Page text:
Ariz. sheriff's dept. looks at adding corrections officer shifts to deputy training

Sheriff Chris Nanos wants deputies to work as COs for six months before they start patrol – a move he hopes will help with staffing shortages

By Sarah Calams

TUCSON, Ariz. — A sheriff's department is combating its correctional officer shortage by having deputies work as correctional officers for six months as part of their training. 

The Pima County Sheriff's Department has hired about 120 deputies over the past year, but they're down over 100 correctional officers at its jail, reported.  

"It's a hard job. Not everybody wants that job. I had that job. Hardest job I've ever had," Sheriff Chris Nanos said. "Now say you want to be a deputy and we want you to be a deputy, but I think there's some value in you being a corrections officer."  

The value, he said, is that deputies learn the "gift of gab, ability to communicate, deescalate, and to look at situations and say, 'Let's slow this down.'"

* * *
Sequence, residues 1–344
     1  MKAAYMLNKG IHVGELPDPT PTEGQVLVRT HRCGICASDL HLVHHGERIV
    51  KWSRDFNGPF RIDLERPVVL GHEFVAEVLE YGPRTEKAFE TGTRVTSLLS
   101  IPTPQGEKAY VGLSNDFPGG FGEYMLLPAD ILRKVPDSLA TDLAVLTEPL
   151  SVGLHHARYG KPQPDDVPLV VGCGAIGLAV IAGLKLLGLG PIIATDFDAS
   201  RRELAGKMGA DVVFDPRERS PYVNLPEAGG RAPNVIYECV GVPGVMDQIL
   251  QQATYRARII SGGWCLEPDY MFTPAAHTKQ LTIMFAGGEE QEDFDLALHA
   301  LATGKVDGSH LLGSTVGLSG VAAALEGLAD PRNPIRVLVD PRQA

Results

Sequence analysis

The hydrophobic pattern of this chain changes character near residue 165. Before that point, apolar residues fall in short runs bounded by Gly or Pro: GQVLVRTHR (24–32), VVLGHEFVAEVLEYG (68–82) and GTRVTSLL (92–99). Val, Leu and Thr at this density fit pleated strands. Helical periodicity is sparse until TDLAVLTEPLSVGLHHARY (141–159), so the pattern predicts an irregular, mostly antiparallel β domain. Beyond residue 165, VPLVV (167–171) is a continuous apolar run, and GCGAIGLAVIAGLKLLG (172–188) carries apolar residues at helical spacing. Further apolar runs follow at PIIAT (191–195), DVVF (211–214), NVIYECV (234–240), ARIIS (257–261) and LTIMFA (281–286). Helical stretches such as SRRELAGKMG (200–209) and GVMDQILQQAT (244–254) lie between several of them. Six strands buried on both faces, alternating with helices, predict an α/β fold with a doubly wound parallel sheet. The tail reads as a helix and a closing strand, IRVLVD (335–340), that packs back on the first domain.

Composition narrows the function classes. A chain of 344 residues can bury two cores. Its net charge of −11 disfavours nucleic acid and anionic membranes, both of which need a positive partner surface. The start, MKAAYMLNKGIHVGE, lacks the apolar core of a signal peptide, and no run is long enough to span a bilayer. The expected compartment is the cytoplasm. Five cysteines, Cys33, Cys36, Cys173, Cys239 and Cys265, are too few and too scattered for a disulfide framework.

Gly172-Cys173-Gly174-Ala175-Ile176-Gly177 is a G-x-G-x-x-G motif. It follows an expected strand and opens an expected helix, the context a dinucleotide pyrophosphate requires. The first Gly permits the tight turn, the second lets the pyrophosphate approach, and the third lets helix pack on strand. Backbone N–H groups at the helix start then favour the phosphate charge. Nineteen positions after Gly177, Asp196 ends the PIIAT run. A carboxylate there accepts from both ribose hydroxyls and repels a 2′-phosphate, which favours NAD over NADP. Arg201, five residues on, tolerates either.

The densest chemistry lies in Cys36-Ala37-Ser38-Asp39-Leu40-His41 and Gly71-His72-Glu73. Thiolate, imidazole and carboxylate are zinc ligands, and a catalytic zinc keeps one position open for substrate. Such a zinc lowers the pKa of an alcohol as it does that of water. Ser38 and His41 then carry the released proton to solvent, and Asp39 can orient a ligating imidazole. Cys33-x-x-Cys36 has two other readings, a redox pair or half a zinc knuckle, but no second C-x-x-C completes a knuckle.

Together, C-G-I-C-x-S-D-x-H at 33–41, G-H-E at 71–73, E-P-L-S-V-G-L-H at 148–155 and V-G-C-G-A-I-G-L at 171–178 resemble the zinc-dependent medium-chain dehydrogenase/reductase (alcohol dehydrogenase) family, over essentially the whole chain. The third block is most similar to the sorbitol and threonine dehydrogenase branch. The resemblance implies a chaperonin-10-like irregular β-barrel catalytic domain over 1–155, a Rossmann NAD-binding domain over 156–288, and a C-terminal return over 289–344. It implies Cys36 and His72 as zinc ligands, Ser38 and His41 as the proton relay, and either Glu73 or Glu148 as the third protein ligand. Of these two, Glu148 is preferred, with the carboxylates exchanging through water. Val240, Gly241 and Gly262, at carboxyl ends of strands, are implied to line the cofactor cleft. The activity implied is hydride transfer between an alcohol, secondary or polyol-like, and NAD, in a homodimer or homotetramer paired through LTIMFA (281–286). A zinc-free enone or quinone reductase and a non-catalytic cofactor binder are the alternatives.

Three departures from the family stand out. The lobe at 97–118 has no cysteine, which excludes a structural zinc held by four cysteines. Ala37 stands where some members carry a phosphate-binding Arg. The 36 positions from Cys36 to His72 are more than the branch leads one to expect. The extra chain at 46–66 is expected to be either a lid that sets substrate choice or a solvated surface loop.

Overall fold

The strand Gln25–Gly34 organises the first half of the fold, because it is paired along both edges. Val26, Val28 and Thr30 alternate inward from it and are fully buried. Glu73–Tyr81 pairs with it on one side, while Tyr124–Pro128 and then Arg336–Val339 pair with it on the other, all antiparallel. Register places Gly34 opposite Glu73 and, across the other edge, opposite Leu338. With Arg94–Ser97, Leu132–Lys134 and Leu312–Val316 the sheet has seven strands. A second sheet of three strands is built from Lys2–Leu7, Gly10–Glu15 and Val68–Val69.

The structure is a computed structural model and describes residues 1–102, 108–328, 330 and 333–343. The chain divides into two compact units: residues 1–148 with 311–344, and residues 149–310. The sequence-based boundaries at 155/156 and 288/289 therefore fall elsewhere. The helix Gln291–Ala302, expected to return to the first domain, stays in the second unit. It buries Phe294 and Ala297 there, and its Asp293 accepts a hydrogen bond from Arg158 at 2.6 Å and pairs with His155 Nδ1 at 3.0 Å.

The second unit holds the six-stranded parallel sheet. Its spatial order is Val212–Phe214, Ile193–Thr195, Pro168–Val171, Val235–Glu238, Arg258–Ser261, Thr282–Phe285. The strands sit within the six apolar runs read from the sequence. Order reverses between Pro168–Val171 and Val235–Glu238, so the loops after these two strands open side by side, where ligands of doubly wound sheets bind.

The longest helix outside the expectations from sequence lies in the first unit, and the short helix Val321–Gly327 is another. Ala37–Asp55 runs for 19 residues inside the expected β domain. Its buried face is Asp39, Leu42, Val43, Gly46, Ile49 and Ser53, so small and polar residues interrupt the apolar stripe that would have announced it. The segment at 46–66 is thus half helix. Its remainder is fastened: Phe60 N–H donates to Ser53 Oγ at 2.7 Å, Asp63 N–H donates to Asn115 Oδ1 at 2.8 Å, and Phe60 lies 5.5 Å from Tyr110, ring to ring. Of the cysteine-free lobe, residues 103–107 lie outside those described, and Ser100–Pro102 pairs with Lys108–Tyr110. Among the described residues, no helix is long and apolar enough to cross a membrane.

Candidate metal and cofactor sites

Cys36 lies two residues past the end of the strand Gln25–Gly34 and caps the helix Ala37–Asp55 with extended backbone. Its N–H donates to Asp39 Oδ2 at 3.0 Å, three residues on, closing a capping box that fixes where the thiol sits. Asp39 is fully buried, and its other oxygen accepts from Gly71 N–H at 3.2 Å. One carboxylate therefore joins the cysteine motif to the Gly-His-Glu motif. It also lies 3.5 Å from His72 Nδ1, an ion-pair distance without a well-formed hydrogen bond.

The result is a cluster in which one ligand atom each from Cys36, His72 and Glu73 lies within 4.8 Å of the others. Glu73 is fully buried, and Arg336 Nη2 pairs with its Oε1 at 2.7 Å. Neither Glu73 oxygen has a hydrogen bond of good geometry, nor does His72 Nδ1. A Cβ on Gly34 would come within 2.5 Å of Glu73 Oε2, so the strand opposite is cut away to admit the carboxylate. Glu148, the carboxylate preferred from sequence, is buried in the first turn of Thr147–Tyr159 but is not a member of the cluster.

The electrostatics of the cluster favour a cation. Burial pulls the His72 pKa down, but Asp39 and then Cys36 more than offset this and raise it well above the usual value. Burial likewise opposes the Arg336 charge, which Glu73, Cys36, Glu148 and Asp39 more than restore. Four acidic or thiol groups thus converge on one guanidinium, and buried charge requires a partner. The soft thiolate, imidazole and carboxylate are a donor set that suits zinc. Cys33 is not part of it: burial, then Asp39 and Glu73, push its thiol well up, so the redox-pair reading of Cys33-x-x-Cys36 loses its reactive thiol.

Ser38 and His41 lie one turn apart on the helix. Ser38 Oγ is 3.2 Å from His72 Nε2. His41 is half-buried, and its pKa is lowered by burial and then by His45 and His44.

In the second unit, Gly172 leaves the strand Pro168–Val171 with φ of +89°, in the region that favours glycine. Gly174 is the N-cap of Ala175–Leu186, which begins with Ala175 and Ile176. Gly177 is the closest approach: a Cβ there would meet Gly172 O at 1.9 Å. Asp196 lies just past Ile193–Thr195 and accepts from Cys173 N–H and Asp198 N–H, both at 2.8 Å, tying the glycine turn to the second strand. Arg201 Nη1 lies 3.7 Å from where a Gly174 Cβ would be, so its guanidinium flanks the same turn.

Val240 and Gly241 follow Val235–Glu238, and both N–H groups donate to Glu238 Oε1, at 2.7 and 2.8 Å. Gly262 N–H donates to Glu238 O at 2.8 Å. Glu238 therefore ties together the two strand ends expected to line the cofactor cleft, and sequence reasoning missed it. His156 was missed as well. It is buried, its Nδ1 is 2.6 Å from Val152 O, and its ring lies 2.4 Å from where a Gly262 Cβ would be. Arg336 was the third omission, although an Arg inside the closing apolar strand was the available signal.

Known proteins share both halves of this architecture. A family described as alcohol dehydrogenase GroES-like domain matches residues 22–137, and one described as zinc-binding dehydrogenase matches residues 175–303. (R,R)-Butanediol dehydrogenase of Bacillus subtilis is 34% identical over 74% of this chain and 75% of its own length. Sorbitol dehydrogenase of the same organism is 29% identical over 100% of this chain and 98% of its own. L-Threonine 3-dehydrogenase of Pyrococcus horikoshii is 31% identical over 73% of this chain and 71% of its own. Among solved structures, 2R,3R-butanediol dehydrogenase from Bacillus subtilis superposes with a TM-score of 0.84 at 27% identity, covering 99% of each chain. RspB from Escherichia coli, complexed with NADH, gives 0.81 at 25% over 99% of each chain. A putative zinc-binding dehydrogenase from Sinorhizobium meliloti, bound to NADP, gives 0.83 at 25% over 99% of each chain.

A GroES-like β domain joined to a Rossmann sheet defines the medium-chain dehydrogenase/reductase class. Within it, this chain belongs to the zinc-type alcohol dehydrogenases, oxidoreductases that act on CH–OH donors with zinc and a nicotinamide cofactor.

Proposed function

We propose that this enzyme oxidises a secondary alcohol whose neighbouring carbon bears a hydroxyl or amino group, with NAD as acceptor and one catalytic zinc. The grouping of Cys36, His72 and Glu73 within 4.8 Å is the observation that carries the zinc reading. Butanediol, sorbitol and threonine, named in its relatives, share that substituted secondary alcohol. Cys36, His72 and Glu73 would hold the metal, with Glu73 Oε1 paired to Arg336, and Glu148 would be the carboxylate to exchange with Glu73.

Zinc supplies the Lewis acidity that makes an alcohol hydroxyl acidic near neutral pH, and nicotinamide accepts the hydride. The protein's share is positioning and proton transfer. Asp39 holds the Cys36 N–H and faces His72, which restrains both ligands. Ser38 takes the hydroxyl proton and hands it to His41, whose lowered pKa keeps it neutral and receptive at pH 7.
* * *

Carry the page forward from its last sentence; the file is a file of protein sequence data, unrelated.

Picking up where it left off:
Nanos wants deputies to work as correctional officers for six months – something he says is already happening in other Arizona counties as well as some California and Texas counties.  

"They all require you to do two years in corrections before you get in a car and start patrolling the streets. So we're looking at that as a way to deal with [the shortage], because it's a hard job to recruit for," Nanos said. 

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